Foods For Labour

One of the most exciting parts of working with pregnant women is helping them prepare for the biggest physical event of their life – labour!


Researchers suggest that the energy demands of labouring women are similar to those of marathon runners! With first labours lasting an average of 8 hours and up to 18 hours, it is important to keep your energy up.

Whether you are planning for an unmedicated birth or not, it is great to be prepared before your due date, so you have appropriate food and drinks on hand.


Traditionally, eating and drinking was discouraged in hospitals. But latest research shows that fasting during labour is unnecessary, particularly if you have a low risk labour. One study recently published in the American Society of Anesthiosiologists stated that most women with a low to no risk labour would benefit from a light meal.

 Most midwives and OBGYNs will support eating a bit of light, easily digestible food during labour but it is stillI best to discuss this with your health care providers prior to your due date, as every pregnancy is different. Put it on your birth plan too.

Leading up to your due date, try to eat nourishing, nutrient dense meals as much as you can. This will put you in a good position if you go into labour quickly and your appetite diminishes rapidly.


Ok, so labour has begun, what do you do?!

If you are like me, you may not feel like eating at all but if you do, here are my top tips for food and drinks during labour:


Replenishing Fluids

This is absolutely vital to keep your energy levels up, whether you are having an unmedicated birth or not. Often it is the last thing you feel like doing but it is so important to help you get through your labour. I went 8+ hours with barely anything to drink or eat as I just didn’t think about it! Next time around, I will put my husband in charge of giving me more fluids throughout labour. Using a straw is helpful so that your birth partner can simply hold the straw up to your lips.


If you don’t feel like food or drink, make your fluids count and have something like diluted apple juice or coconut water to boost your glucose levels.


You may also want to prepare some Labour Aid in advance, which is like a natural sports drink. I had this ready to go but didn’t take one sip during labour. It was, however, absolutely heavenly after labour – so thirst quenching! I prefer labour aid over commercial sports drinks as personally I would find drinking bright red or blue drinks during labour off putting (and if you throw up, it might not be very nice either!).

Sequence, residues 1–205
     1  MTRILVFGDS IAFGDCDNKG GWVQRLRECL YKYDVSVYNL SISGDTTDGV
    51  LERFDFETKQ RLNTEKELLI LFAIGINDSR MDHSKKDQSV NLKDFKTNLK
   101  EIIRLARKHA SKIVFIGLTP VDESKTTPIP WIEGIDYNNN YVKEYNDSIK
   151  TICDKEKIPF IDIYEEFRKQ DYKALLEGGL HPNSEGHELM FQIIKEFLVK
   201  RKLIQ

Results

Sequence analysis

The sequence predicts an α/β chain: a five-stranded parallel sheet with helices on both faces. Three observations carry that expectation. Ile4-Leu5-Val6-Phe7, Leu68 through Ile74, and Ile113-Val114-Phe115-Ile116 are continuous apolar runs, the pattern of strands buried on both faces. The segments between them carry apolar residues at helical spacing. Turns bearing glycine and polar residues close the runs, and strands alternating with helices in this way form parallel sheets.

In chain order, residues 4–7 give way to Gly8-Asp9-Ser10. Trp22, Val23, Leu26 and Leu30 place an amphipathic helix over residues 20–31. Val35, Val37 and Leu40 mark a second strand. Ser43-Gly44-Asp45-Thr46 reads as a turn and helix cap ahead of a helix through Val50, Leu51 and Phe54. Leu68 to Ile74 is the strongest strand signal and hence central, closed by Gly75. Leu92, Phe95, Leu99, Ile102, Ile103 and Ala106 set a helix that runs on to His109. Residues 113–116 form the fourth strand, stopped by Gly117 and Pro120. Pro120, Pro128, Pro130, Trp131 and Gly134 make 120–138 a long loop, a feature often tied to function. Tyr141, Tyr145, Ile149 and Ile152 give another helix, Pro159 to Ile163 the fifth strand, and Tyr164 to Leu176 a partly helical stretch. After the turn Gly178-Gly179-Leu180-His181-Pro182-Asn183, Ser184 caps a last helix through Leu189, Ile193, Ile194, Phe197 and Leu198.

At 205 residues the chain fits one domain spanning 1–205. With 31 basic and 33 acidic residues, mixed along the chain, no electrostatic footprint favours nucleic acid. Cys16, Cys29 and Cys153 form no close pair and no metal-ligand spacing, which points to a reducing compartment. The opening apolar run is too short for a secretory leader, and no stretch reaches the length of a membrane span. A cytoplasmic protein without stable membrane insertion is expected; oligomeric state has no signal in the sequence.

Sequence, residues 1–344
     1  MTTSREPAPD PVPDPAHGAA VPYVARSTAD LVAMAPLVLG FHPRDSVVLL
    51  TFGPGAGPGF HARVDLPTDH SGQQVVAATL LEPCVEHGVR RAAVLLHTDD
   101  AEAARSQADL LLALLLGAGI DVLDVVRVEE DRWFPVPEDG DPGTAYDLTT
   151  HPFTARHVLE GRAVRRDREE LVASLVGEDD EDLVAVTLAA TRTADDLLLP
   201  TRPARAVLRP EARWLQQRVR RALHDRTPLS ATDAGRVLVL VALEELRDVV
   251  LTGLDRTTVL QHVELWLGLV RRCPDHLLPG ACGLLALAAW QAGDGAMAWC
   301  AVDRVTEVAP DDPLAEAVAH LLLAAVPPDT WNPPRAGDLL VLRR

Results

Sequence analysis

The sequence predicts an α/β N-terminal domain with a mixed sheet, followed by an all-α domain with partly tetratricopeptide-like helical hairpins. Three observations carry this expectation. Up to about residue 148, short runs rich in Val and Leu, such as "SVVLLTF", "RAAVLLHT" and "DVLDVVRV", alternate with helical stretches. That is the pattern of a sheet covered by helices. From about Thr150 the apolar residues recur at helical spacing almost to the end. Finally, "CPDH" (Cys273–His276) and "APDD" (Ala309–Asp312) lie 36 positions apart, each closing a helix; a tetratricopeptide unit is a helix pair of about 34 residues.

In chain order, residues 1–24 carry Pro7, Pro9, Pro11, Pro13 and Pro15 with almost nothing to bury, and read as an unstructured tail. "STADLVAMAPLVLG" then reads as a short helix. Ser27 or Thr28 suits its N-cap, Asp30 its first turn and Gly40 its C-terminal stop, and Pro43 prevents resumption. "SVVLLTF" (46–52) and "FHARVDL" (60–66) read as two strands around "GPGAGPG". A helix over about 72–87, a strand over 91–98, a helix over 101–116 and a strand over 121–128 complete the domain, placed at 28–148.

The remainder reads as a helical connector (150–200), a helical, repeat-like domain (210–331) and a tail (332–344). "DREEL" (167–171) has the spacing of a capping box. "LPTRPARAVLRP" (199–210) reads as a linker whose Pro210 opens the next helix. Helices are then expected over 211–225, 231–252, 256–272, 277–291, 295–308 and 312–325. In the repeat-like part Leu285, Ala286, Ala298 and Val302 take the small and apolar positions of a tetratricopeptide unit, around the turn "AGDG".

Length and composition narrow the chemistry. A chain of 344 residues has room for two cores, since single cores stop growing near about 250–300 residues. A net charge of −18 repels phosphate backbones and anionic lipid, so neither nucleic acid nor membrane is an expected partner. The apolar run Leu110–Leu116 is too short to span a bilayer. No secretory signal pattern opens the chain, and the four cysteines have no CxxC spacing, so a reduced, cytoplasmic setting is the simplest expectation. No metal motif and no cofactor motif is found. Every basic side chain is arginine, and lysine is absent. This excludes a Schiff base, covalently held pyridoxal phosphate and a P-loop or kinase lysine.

Foods For Early Active Labour

During early active labour, you still may feel you can nibble of some food. Avoid foods that might be unpleasant if they came back up.

Some good options here are:

o   Dates

o   Nut, oat and protein bars

o   Energy balls

o   Trail mix with some salted nuts, dried fruit and chocolate chips

o   Pureed fruit pouches like apple and banana

o   Smoothies

o   Toast with butter and jam or your favourite topping

o   Cold fruit


Foods for Active labour

Once you are in active labour, you will probably forget about food or drink all together. If you can manage it, try to have some replenishing fluids mentioned above, such as Labour Aid, coconut water or diluted apple juice.

Some snacks might include banana or Hydrolyte icy poles.



Some women throw up during the peak of labour, also called transition, so food is not really an appealing option. Keep the fluids up, small sips of water or coconut water through a straw is probably all you will manage.


Pushing stage

Forget food or drink, just go for it!

Directly after you have delivered your baby and the placenta, you will probably feel extremely thirsty and ravenous and will happily eat whatever is available!

After I had delivered my baby, the midwife brought me apple juice and Vegemite toast – I can’t tell you how good it tasted!


If you are due soon and preparing for labour, all the best, you’ve got this!!

Have snacks ready to go in your hospital bag as well as things at the ready at home. And don’t forget to pack snacks for your partner or support person so they can keep their energy up, too!

Please reach out if you need any help with planning the arrival of your bundle of joy.

Jo x